Palenque Palenque! La Memoria Viva| 20 May, 2011
From Cartagena we drove an hour to one of our last and most expected destinations, the mystical heart of Africa in Colombia: San Basilio de Palenque. Both a forgotten and revered town, it is considered the first village to become independent from the Spanish Crown in colonial times, founded by brave cimarrones (runaway slaves).
For centuries, it’s inhabitants remained isolated from the rest of Colombia but somehow mantained their cultural and spiritual bonds with Africa, speaking their own creole language: palenquero, a mixture of African dialects with Spanish and Portuguese; and creating a rich variety of musical styles.
We had heard so much music from Palenque and had read so much about this place… It was beautiful to be there. People were very open, always ready to smile and sing… and the tall trees and extensive backyard gardens showed us that by living simple, communal lives and staying relatively isolated, they had remained in close relationship with the earth. Lucas Silva, who’s been working for years in Palenque was our guide for our short but intense stay there. We first met with Victor Cimarrón, a sort of Renaissance man, who knows much about Palenque culture, including its botany, music, healing arts, cuisine and linguistics. It was wonderful to have him there, dialoguing about all the different elements that make Palenque such a unique place.
Our musical encounters started with Las Estrellas del Caribe and their psychodelic Afro-Beat. They have been playing together for decades and are anonymous pioneers of the genre in Colombia. Their music is powerful and immediatly put us in a trance. It was hard to keep up with their drinking pace though…. The next day, we met with 89 year-old Majin Diaz, a majestic and relatively unknown singer from Gamero. He was performing with a younger group of musicians called Kambakuá, that brings together players from Barranquilla, Cartagena, Malagana and Maria La Baja, and perform different styles of Afro-Colombian music. This extraordinary singer had never recorded a proper album, so we spent all morning recording him. Truly, we had never heard a man singing bullerengue like that! He said that women were afraid of him at music festivals and competitions…. His voice is unparalleled. We hope what our recording will remain after he’s gone.
The afternoon was spent with Sexteto Tabala. We had dreamed of seeing them live after having heard their albums for years…. Their leader, Rafael Cassiani Cassiani took time to be with us and got the group together to sing a few of their hundred or so compositions. The Sexteto play music inspired by Cuban Son with a unique Palenquero instrumentation and flavour. They played very delicate compositions with precise arrangements and sometimes sudden, sometimes incredibly subtle rhythm variations… A true favorite!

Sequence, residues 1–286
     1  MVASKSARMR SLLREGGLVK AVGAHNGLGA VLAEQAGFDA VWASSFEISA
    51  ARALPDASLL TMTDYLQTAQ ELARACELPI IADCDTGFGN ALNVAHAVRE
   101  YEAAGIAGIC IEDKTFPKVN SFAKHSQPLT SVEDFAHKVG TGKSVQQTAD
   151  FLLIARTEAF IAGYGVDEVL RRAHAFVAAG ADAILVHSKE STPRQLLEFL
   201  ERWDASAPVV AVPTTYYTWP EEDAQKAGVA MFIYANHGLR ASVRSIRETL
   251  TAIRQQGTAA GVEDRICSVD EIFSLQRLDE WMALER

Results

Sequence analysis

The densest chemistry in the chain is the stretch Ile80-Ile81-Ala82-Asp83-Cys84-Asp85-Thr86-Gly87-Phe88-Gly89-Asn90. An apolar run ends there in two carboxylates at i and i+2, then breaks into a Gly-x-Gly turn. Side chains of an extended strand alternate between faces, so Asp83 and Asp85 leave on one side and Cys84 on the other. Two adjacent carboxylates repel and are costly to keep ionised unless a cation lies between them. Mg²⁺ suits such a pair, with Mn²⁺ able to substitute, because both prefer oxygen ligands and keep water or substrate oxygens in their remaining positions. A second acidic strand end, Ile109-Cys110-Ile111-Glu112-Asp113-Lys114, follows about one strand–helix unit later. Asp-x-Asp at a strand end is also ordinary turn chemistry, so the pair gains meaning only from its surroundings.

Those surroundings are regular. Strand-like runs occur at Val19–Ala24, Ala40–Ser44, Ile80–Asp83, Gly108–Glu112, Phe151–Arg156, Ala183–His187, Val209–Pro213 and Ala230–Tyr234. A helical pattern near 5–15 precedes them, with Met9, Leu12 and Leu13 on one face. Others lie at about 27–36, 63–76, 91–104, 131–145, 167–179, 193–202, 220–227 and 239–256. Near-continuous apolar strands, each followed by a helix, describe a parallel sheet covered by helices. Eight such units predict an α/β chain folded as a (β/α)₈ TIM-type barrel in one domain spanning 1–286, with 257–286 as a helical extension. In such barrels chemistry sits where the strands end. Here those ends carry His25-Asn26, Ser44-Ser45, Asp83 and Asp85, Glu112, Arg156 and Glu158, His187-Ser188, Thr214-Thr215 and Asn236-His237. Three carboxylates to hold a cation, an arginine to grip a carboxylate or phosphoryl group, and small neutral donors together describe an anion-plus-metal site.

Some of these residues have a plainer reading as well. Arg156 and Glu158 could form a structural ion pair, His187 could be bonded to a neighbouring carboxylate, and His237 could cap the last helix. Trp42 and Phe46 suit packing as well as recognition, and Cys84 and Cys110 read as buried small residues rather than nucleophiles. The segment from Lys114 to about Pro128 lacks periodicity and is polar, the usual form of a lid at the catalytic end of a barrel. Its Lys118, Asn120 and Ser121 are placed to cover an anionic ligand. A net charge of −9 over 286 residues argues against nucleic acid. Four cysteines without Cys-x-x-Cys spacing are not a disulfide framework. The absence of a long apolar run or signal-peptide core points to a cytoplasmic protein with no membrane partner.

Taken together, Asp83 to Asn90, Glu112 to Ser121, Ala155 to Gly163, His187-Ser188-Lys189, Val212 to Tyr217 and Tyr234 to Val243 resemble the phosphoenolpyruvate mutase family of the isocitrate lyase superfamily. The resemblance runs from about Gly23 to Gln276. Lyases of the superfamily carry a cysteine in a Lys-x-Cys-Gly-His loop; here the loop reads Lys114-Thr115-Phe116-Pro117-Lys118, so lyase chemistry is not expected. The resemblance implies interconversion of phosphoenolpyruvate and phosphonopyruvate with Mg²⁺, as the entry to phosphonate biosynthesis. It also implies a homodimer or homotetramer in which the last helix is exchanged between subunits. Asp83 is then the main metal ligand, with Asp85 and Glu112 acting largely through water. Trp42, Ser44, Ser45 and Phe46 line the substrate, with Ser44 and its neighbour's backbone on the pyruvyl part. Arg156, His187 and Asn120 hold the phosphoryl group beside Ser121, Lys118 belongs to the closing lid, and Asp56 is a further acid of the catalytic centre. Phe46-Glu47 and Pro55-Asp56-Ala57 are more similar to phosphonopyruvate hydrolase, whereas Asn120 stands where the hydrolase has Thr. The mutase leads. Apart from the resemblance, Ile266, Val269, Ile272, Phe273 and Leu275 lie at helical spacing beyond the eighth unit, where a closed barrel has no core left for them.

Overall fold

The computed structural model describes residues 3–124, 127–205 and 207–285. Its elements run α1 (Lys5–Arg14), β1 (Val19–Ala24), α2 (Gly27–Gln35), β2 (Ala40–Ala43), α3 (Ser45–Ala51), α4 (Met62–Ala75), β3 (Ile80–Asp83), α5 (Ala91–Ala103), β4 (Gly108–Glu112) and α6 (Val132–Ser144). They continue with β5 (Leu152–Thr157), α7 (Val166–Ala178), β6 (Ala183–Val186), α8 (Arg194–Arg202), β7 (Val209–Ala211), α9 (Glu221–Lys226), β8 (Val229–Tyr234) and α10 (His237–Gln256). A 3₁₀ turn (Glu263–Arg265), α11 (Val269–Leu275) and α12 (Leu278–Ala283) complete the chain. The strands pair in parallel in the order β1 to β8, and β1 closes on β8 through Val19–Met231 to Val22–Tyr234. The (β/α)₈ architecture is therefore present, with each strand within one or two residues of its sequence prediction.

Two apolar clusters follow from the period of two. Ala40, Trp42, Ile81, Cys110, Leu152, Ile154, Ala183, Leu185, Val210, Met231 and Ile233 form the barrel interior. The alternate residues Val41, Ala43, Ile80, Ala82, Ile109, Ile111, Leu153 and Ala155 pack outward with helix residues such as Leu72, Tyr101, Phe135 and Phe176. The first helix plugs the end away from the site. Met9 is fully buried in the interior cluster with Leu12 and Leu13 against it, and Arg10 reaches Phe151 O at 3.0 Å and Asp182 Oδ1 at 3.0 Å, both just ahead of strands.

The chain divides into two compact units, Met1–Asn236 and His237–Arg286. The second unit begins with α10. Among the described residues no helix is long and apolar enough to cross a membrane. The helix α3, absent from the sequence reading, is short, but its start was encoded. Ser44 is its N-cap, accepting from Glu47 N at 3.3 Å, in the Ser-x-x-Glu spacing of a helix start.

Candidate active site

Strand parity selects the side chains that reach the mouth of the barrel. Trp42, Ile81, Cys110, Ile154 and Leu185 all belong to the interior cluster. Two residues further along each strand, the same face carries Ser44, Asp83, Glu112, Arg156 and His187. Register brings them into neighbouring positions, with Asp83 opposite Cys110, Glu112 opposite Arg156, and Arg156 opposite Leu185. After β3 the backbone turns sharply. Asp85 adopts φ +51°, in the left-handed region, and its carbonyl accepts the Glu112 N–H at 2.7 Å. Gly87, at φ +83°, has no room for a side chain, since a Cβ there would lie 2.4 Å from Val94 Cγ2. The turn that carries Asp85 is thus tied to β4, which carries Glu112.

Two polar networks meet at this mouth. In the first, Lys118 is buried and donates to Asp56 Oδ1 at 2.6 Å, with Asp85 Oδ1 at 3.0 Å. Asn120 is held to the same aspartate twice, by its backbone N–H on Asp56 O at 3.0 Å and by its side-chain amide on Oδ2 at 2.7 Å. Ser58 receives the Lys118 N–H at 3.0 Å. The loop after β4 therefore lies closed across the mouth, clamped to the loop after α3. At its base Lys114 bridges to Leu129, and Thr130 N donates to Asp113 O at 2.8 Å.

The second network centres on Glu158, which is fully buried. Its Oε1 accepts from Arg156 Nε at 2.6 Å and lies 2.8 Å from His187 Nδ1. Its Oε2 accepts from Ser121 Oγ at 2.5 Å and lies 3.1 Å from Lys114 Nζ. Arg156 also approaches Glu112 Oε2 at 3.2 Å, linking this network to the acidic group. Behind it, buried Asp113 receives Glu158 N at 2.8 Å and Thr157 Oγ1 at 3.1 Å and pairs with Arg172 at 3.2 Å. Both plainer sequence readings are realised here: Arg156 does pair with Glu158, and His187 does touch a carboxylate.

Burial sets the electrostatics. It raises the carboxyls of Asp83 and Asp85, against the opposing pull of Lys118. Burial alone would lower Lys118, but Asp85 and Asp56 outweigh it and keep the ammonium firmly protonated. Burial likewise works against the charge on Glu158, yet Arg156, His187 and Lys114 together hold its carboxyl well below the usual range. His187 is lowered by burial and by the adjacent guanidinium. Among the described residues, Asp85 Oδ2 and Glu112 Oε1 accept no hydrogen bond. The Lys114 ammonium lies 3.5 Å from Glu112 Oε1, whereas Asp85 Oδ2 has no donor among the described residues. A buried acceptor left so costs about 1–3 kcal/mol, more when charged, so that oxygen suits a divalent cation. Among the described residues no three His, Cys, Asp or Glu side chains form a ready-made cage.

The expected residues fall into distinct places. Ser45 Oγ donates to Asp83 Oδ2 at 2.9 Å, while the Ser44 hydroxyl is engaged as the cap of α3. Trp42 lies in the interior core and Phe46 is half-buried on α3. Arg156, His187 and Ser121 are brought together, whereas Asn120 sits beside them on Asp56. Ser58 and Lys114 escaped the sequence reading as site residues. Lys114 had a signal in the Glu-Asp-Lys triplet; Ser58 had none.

It was also a dream of us to see Las Alegres Ambulancias (“The Jolly Ambulances”) play. They are the main keepers of Lumbalu songs, the Afro-Colombian funeral tradition, which apparently hasn’t changed much for centuries. When someone in Palenque dies, they mourn, drink ñeque (rum) and sing at funeral wakes to honour the memory of the passing souls and their ancestors. The rites and music last for days… When we where in Palenque, the main singer Graciela Salgado was not singing anymore. And the other main singer, Dolores Salinas was at the hospital. We were lucky we could meet with Emelia Reyes Salgado, known as La Burgos, who sang a couple of lumbalú songs accompanied by her son, Gerly Torres Salgado (he’s only 13 but has been playing the drums with Las Alegres Ambulancias for a while). It was clear that it was a difficult and sad moment for the group…. That day, La Burgos took us to the village’s brook, where she sang a little bit and dedicated her songs to Dolores. (We just found out that Dolores passed away a couple of days ago in Cartagena… We hope the immemorial and profund lumbalú songs carry her where she needs to go next, and the tradition continues…)
Our time in Palenque couldn’t have been complete without a visit to another legendary elder singer, “Sikito” Francisco Cañate Cáceres. Apparently he has never had a proper group to accompany him, but he has sang all his life, and has composed hundreds of songs in many styles. He sang many songs for us and shared some of the old serenade verses that he used to improvise. We recorded a few of them and even played a couple with him. He seemed happy to have found other musicians that he could play with! He encouraged us to stay, but we had to go. It was hard to leave San Basilio de Palenque, so much music and beautiful people… but our time was running out and we had to return to Bogota for a last couple of days and collaborations there.
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